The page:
Annie Leibovitz, the grand dame of Vogue, Vanity Fair and Rolling Stone covers, was the one facing flashbulbs. The other morning she gave a private press tour of her new show at the Brooklyn Museum.
“Walk slowly. Watch your cameras,” she said. Microphone booms swung through the air, nearly knocking the photos off the wall. “Careful, we have lots of time,” she said as she was followed.
Ms. Leibovitz has recently been profiled in Newsweek, The New York Times, and The Washington Post. She has a new book, “Annie Leibovitz: A Photographers Life, 1990-2005,” and a retrospective of her work that will travel the world.
“It was time to look back at my work,” Ms. Leibovitz said. She wore a faded black button-up shirt, tapered black jeans, and heavy work boots. “It was like being on an archeological dig finding these pictures,” she said.
One entire wall was snapshots of her family at the beach, her parents in bed, her children wet with afterbirth in the delivery room, and hotel rooms with rumpled bed sheets, Susan Sontag included.
On another wall Donald Trump sat in a sports car and a hugely pregnant Ivana sported a gold lame bikini on the stairs of a gigantic jet. A portrait of Colin Powell in full military regalia hung near the Clintons on election night.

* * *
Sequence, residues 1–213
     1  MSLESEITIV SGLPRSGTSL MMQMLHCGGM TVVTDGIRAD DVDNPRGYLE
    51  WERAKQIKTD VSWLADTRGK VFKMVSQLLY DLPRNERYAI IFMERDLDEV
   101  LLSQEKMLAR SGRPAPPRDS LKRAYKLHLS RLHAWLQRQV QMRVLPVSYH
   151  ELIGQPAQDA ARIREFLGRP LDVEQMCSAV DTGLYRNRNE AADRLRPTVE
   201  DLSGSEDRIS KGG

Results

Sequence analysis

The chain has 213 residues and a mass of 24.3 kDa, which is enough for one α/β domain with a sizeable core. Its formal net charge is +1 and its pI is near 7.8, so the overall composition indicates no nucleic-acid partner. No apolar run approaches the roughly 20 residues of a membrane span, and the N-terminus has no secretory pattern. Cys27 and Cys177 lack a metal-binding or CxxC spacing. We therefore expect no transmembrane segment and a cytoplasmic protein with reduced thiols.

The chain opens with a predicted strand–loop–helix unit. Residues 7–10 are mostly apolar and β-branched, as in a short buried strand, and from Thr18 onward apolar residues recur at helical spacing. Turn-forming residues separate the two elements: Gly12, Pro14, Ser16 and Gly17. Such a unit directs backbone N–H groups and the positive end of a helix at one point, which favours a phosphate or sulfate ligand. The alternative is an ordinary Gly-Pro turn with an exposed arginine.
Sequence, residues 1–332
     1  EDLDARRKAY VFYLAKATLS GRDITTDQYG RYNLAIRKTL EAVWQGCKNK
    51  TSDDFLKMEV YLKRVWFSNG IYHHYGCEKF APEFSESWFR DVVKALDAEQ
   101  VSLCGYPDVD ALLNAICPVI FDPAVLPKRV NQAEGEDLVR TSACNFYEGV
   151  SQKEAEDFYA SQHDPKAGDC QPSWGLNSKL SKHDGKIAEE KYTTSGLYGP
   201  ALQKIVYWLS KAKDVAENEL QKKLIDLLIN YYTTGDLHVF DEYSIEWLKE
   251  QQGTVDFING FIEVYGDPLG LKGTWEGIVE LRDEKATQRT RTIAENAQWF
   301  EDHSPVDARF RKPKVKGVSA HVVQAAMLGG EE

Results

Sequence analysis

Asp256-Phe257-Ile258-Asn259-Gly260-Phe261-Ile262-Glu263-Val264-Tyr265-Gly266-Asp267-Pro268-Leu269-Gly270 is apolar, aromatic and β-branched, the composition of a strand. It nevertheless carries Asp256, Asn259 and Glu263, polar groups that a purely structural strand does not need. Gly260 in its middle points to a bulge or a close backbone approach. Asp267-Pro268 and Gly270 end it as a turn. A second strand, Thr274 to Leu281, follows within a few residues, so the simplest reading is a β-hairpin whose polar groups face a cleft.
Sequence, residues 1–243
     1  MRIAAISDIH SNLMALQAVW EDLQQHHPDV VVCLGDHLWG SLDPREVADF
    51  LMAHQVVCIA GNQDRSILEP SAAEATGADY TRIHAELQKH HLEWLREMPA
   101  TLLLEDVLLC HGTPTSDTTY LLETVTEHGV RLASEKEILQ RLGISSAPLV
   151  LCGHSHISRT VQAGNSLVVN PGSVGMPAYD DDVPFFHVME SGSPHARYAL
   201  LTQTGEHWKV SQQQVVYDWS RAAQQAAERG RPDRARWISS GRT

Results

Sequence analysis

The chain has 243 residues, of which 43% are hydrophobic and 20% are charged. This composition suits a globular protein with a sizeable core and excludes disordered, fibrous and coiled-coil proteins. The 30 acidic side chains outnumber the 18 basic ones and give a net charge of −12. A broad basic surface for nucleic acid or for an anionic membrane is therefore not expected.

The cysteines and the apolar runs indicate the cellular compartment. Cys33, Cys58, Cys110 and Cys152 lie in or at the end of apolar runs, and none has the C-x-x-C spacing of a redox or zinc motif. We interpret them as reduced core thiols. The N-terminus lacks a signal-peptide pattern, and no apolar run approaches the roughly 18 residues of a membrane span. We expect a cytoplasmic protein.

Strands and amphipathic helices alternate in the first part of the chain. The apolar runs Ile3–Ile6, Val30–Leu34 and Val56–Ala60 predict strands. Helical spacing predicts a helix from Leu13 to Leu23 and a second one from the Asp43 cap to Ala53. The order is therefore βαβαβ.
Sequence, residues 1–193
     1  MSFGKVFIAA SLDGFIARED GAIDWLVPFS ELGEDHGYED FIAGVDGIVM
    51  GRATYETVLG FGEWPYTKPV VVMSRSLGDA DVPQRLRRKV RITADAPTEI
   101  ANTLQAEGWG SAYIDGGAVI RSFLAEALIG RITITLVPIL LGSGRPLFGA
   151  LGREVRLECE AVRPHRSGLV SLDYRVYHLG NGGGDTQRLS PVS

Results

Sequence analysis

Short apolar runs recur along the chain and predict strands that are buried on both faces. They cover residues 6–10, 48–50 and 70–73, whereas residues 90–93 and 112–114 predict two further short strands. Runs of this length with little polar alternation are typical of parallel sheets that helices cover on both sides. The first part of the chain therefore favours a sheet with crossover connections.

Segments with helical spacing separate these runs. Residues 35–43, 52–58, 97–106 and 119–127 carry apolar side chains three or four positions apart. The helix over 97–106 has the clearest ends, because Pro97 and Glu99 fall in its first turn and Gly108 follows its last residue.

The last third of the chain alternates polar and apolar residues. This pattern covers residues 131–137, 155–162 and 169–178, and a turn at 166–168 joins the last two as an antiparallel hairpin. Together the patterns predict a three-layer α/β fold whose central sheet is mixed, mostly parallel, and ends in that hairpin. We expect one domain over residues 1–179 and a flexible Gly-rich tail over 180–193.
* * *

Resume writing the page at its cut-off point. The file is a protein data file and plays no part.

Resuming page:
Ms. Leibovitz said the idea for the exhibit “came out of a moment,” when she faced the deaths of Sontag and her father, plus the birth of her twins, by a surrogate mother.
On one wall Sontag battles cancer in a hospital bed, another shows her being wheeled on a gurney to a private plane in Seattle to be air-evacuated to a hospital in New York. A small print in a corner shows Sontag’s corpse at a funeral home. She is dressed in Italian silk.
In “On Photography,” Sontag had written: “To photograph people is to violate them, by seeing them as they never see themselves, by having knowledge of them they can never have.””
With every photo, regardless of the narrative, it’s clear that sometimes Ms. Leibovitz was an intruder in her own life. The exhibit, which gives such a remarkable window into Ms. Leibovitz’s private world, also shows the limits of that view.
Ms. Leibovitz said that she enjoys how her magazine assignments create a sense of history, but that her personal work is her strongest work, in fact because she is know to her subjects.
“Most people don’t like to have their picture taken,” Ms. Leibovitz said. “They have to confront themselves.” Every photo involves problem solving. “It’s never easy.”
And with that, Ms. Leibovitz left the room, accompanied by two women in black suits. “I mean, you wouldn’t expect anything less,” said a reporter, who wore a sticker that read Panarama. “She’s a living legend.”
— Kaija Helmetag